NEUROLOGICAL symptoms and chronic pain following a car accident, as a result of whiplash, can persist for a number of years. A new study has suggested that dividing individuals into subgroups following an accident can allow better prediction of the long-term effects of their injury according to a EAN press release dated 31st May 2016. It is hoped that this will improve patient management.
A previously developed system for dividing patients was tested in 326 patients who had been involved in an accident 12–14 years ago and then followed-up with a questionnaire. The questionnaire assessed ongoing pain, non-painful complaints, prescriptions and treatments, and any sick leave required. Prof Helge Kasch, The Danish Pain Research Center, Department of Neurology, Aarhus University Hospital, Aarhus, Denmark, said: “It turned out that more than a decade after the fact the people most heavily affected were those who had been assigned to the highest risk groups shortly after the accident.”
Patients in these high risk groups suffered with more neck, head, shoulder, arm, and low back pain. These individuals required more pain relief and had a higher incidence of post-traumatic stress syndromes. It has been confirmed that the categorisation of these patients must take place within 4 days of the accident for accurate assignment. The examination should cover the type and nature of the pain, non-painful complaints, mobility of joints, and emotional state of the patient. Neck pain, headaches, and a negative emotional state were strong indicators of relative ability to work following the accident. Further studies have shown that in Risk Group 1, 4% of patients were unable to return to work within 1 year whilst in the highest-risk group, Group 7, 7.68% of patients were unable to return to work within a year.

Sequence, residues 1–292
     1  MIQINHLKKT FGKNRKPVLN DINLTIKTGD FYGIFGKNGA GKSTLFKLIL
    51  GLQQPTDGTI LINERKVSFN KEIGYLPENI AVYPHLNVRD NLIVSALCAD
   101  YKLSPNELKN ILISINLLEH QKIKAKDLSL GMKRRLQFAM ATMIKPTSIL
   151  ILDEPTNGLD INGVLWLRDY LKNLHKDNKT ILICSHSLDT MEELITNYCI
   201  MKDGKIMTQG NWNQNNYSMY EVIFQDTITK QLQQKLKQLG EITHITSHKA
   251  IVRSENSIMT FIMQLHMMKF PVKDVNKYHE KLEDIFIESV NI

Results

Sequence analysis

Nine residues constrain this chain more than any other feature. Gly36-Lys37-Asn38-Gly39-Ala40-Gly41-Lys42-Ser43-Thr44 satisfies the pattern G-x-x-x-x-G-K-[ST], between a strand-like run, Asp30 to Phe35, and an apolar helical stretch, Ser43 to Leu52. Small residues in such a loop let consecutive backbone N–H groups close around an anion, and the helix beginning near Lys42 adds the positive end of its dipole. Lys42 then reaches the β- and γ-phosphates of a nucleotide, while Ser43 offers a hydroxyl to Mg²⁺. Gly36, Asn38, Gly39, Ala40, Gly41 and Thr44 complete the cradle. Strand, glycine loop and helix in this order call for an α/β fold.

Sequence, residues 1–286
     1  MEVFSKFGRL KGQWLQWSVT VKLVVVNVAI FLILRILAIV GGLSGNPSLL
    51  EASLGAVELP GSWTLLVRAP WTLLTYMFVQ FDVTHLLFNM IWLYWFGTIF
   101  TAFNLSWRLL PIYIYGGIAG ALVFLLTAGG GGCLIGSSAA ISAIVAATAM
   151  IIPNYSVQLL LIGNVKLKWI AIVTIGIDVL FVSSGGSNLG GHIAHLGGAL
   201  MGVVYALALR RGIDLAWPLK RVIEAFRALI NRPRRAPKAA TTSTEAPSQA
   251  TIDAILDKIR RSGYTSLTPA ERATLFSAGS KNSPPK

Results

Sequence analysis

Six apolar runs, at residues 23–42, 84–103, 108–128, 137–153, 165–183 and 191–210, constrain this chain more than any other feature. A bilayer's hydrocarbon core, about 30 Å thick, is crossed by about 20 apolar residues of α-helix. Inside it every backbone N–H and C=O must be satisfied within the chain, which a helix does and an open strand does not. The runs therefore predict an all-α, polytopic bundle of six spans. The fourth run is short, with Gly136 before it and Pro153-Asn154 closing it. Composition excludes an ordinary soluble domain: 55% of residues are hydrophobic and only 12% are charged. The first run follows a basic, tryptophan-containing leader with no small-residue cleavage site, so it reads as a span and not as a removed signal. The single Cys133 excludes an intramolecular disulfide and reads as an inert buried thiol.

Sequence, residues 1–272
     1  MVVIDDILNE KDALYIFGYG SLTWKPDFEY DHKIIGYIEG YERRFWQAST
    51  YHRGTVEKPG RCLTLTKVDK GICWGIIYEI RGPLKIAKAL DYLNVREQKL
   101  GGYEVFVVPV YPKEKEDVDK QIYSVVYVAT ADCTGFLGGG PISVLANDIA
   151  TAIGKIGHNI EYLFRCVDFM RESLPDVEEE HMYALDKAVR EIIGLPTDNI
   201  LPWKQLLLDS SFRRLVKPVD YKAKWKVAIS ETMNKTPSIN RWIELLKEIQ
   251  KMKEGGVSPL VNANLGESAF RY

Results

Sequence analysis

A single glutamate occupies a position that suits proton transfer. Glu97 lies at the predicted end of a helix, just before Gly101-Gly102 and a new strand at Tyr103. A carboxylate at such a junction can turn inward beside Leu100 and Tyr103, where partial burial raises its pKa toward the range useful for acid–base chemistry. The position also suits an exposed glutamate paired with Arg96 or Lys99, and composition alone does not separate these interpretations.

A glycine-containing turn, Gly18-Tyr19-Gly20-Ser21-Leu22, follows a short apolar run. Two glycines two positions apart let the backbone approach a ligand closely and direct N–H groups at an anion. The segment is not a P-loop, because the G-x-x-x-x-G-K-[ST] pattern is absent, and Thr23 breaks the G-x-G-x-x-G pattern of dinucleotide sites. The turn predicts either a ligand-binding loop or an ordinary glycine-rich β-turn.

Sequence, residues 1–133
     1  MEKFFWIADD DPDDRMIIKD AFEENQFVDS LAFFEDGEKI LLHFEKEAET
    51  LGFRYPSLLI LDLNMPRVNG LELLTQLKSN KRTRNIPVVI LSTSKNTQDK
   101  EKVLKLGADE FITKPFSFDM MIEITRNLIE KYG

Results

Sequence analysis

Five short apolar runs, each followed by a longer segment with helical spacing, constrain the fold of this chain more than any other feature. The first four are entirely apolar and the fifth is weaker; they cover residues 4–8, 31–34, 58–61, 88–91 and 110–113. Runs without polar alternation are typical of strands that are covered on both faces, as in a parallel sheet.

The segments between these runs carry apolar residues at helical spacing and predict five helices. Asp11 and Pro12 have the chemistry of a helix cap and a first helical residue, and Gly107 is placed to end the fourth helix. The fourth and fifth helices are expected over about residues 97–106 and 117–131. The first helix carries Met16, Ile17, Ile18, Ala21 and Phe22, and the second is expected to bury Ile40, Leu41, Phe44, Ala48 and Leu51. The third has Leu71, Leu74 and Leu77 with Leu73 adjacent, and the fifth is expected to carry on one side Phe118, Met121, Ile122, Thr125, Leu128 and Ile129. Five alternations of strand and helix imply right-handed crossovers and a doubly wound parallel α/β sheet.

Praise for Scandinavian Research at European Neurology Congress
COMMENDATION for this year’s congress host city, Copenhagen, Denmark, imbued a EAN press release dated 30th May 2016. Along with other Scandinavian countries, Denmark continue their long tradition of excellent neurological research, as well as having a highly active neurological community. This year’s congress was host to roughly 6,000 participants and 1,574 accepted abstracts with a total of 6,555 authors, 82 scientific sessions, 362 invited speakers, and 100 abstracts presented by Danish researchers alone.
One strong position Danish researchers have is the access to large volumes of highly valuable registry data. Prof Mads Henrik Ravnborg, President of the Danish Neurological Society, commented: “Studies based on systematically collected registry data are of major value. Unlike clinical studies, which are conducted under strictly defined conditions, registries reflect medical practice with all its irregularities. The strengths and weaknesses of therapies are therefore rendered visible with exceptional clarity. For this reason, these studies contribute greatly to the safety of patients. We are definitely among the European frontrunners in several areas with respect to the breadth of neurological indications for which we have registry data.”
Numerous examples of these systematic studies were presented at this year’s congress including a large-scale study focussing on the abilities of children whose mothers took the antiepileptic drug valproate while pregnant. Migraines were a hot topic at this year’s congress, along with research conducted on the first nationwide register-based study of Charcot–Marie–Tooth Disease (CMT), the first of its kind to report estimates of incidence and mortality. CMT is a prevalent heritable neurological disease, and yet prior to the study listed above, the prognosis of such diseases has been based purely on assumption. These studies highlight the importance of using population-based health registries, as well as displaying the need for researchers to have access to patient records.